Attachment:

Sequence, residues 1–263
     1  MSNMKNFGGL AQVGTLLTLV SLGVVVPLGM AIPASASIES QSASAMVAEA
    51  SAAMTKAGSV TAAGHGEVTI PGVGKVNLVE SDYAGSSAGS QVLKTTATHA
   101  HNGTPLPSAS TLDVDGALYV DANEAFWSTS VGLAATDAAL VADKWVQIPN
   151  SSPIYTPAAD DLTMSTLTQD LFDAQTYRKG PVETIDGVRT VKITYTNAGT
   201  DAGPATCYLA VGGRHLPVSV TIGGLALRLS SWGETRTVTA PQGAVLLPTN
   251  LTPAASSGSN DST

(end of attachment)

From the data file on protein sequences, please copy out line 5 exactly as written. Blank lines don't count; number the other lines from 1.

   151  SSPIYTPAAD DLTMSTLTQD LFDAQTYRKG PVETIDGVRT VKITYTNAGT